I was determined to get a real carousel organ “on tape” so I went to Brooklyn Bridge Park which houses Jane’s Carousel, a 1922 carousel made built by the Philadelphia Toboggan Company and originally located in Youngstown Ohio. I got some great recordings of that organ, from on and off that carousel, which ended up in my Dreamland pieces at Burning Man 2015.

[P]LOSIVE debuts “In Three Acts”

Tuesday, June 28th, 2011

Chris Jones and I embarked on an exciting artist project called [P]LOSIVE ( Sound design and percussion meet processed orchestra/choir in some tracks, big guitars and drums in others, and collaged/abstracted sonic material in yet others.

We went all out to create an arresting sonic palette by recording found sounds and manipulating them using MetaSynth, AudioMulch, and other interesting software tools. We composed each piece in three segments loosely following a three-act structure of exposition, rising action, and climax. The music explores cinematic moods from mysterious/suspenseful to dark/aggressive. “In Three Acts” is distributed by Immediate Music as part of their Artist Series.

Listen to “Unholy in Thee” Acts 1, 2, and 3:


Check out the video Chris Jones created for the track “Churning”:

Tempo Modulation as a scoring technique for supporting increasing action/drama.

Friday, April 9th, 2010

An interesting way to build intensity in a score is to employ a musical tactic called Tempo Modulation. Tempo Modulation (TM) is defined as a change of tempo by pivoting on a common durational unit (Benadon 2004, p. 563). By taking the time value of a subdivision in one tempo and then finding a corresponding tempo that has the same time value for one of it’s own subdivisions, a relationship between two tempi is established that is useful in transitioning from one to the other without losing the listeners’ sense of pulse/beat.

For example, at 80 bpm an eighth note triplet has a duration of 250 milliseconds (ms) which is the same duration of an eight note at 120 bpm. Emphasizing the eighth note triplet subdivision at 80 bpm and then by treating that note value as an eighth note in 120 bpm, a tempo change can smoothly be made which will increase the activity/tension/drama of the music and effectively support the building dramatic arc of a scene in a cohesive way.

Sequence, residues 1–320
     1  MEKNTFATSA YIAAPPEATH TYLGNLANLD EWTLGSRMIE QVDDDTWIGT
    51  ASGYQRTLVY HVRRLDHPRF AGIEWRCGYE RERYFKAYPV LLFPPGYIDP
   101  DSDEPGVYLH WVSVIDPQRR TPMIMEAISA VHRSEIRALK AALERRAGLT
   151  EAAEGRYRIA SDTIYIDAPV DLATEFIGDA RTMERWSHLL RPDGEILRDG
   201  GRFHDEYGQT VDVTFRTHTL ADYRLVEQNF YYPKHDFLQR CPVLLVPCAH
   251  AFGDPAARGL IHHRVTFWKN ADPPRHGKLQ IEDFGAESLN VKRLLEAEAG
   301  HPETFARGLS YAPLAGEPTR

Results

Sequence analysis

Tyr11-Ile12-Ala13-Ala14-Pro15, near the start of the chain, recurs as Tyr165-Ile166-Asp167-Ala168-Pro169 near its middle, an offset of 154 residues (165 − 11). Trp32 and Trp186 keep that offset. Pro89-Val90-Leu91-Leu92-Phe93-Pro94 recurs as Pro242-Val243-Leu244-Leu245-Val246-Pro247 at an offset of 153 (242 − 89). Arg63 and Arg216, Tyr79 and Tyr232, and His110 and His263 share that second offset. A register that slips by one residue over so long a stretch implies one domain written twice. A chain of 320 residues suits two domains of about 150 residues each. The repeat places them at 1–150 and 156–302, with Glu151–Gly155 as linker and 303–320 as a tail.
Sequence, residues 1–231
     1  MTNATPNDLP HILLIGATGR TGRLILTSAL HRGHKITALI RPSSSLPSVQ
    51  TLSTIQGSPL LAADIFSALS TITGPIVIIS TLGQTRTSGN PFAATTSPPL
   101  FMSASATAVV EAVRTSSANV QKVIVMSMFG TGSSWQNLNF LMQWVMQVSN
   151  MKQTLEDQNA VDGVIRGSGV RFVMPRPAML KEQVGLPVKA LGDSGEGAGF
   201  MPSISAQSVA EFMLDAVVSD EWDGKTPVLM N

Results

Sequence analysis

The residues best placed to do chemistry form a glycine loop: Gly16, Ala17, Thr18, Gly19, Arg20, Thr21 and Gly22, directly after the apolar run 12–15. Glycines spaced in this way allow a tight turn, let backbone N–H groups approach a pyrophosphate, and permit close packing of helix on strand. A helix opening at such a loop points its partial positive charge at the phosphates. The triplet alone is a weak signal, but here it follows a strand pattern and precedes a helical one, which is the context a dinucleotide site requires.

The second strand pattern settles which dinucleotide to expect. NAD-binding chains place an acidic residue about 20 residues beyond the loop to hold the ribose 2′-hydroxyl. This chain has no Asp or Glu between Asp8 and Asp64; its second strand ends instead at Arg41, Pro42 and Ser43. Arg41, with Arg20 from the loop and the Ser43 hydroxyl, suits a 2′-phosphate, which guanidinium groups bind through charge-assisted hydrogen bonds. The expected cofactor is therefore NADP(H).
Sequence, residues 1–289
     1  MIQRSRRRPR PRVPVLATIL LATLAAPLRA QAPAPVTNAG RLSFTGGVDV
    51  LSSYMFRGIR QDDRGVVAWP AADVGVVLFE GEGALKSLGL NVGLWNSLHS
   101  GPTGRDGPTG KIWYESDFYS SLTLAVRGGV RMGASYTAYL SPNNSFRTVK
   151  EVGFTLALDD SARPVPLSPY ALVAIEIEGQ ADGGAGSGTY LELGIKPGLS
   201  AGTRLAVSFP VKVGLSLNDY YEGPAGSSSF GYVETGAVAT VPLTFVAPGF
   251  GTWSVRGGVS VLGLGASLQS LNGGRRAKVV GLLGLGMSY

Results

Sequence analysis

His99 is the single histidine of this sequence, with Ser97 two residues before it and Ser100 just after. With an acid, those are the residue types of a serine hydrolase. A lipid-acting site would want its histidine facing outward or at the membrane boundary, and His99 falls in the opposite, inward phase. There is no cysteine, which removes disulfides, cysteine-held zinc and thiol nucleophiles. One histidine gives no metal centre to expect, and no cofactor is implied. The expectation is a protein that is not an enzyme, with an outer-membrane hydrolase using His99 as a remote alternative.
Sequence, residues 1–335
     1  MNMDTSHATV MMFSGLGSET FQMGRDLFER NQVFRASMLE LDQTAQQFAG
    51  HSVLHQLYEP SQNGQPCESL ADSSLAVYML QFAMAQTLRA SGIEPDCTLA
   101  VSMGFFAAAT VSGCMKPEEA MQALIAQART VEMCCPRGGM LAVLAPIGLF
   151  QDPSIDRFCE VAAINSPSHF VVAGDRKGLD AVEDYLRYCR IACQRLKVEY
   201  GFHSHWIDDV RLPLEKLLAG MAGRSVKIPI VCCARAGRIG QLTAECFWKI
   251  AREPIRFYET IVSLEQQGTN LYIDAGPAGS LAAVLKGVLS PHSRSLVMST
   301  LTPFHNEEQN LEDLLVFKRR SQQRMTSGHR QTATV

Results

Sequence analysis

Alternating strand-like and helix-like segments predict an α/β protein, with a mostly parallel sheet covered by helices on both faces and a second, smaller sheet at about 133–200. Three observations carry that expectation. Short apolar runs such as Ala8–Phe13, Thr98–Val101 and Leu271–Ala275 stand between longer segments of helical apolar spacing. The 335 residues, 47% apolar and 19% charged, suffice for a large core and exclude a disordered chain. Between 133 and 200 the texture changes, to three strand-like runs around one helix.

Benadon, F. “TOWARDS A THEORY OF TEMPO MODULATION”. Proceedings of the 8th International Conference on Music perception & Cognition, 563-566, 2004.

Pounding Pangea is a cinematic percussion track that uses this technique. At :28 the triplet is introduced. The break down from :41 to 1:01 still references the old tempo but in 6/8 meter. At 1:08 the modulation is complete and the piece is in a new tempo and meter.


Horrific Surge is another cinematic percussion/sound design track that uses a similar approach. Although the tempo doesn’t technically modulate there are shifts of meter and feel that are accomplished by analogous “pivoting” methods.


“Infinity Curve”, a track based on a variation of an auditory illusion called the Shepard–Risset glissando, used in the Shutter Island (Scorsese/DiCaprio) theatrical film trailer.

Tuesday, February 9th, 2010

“Infinity Curve”, used in the final section of the Shutter Island (Scorsese/DiCaprio) theatrical film trailer, is built on a variation of a Shepard-Risset glissando (also called a Shepard Tone). This glissando creates an auditory illusion of a tone that is forever ascending in pitch. It achieves this by raising the pitch of the sound while simultaneously making its lower octaves more prominent. “Infinity Curve” uses this concept but is based on rhythm instead of pitch. While the track goes steadily from 65 BPM up to 900 BPM the most prominent note duration is shifted from 64th to 32nd to 16th notes and so on. The effect is a feeling of infinite speeding up. “Infinity Curve” is published by VideoHelper.


On the trailer it starts at around 1:52: